Stripe rust infection could be widespread
HAZELTON, Idaho — The severity of a stripe rust infection detected in a wheat field near Hazelton May 29 indicates a potential larger problem, according to University of Idaho researchers.
“Given the severity of the infection in that field, it probably means we have a high potential for further development of stripe rust,” said UI plant pathologist Juliet Marshall, who reported the find to growers. “It could be much more widespread.”
The plant disease, which can cause losses of up to 60 percent in susceptible varieties, was confirmed in one field of Brundage soft white winter wheat near Hazelton, which is located east of Twin Falls.
Marshall said the field showed heavy and uniform stripe rust infection and researchers are seeing some odd symptoms that may be related to stripe rust in other nearby fields.
“The potential is high for stripe rust to be a big problem” this year, she said.
Marshall said it’s unlikely the plant disease over-wintered in southern Idaho because of the cold temperatures here this winter and it’s likely that recent high winds brought it here from Arizona or northern California.
“If it wasn’t for the high winds, we probably wouldn’t have seen this,” she said.
According to an alert sent to growers by Marshall, winter wheat planted early last year is starting to head or past flowering in southern Idaho and yields are still vulnerable right now.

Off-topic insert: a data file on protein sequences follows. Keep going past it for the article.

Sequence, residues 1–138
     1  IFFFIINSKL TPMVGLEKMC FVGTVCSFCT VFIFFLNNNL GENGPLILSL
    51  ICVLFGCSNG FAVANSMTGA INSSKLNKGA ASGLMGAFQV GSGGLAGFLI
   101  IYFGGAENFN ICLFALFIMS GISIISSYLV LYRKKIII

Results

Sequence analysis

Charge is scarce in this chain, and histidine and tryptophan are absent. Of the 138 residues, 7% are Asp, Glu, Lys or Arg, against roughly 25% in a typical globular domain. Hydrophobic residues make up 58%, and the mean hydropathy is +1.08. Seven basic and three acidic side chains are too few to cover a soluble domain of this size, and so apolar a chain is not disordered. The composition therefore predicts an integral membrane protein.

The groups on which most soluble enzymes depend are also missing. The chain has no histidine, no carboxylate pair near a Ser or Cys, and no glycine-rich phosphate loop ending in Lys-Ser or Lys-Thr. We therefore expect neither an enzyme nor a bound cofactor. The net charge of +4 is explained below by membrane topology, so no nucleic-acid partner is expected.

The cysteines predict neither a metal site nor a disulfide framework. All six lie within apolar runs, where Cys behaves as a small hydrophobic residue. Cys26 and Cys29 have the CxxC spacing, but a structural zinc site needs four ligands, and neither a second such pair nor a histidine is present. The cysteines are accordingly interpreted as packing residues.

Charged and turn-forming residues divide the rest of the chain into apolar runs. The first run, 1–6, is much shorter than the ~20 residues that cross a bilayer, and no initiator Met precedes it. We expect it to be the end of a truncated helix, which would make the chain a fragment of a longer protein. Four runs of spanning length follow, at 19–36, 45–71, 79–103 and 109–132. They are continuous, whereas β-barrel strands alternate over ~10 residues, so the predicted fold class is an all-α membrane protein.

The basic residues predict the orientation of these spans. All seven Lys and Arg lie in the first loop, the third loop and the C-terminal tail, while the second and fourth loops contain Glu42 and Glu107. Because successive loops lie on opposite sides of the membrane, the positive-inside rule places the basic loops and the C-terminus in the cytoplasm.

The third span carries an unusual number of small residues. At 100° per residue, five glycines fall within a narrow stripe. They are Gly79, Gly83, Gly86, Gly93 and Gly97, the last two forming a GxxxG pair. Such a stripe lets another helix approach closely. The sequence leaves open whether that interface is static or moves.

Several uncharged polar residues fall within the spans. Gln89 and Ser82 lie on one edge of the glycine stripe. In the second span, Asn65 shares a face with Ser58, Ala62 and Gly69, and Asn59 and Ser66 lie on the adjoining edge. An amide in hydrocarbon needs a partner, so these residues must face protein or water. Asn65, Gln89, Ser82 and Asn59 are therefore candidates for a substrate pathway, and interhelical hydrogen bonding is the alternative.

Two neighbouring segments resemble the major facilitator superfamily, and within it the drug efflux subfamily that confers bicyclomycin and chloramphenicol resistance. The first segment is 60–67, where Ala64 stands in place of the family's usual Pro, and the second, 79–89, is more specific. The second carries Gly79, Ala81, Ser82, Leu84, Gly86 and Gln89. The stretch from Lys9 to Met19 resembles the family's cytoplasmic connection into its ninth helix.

It recommends spraying a field if it shows 5-10 percent stripe rust infection, unless the wheat variety is 90-95 percent resistant.
“If you have a susceptible variety, you better by spraying,” Marshall said.
According to the alert, most of the wheat and barley varieties in this area will have adult plant resistance, which will help prevent major losses, but fewer varieties will have seedling resistance.
Spraying is highly recommended if a spring wheat field shows 5-10 percent infection.
According to the alert, “susceptible crops with high yield potential, especially irrigated crops, should be at the top of the priority list for spraying.”
It also recommends scouting spring wheat aggressively because “the earlier the infection, the greater the potential loss. Look for early infection on the lower leaves.”
Idaho Grain Producers Association Executive Director Travis Jones said the disease is a concern but the industry is fortunate to have the researchers and chemicals available to combat it.
“Be very aware of what’s going on in your fields,” he said. “We’re always concerned about any type of disease like that that can affect production but there are ways to treat it.”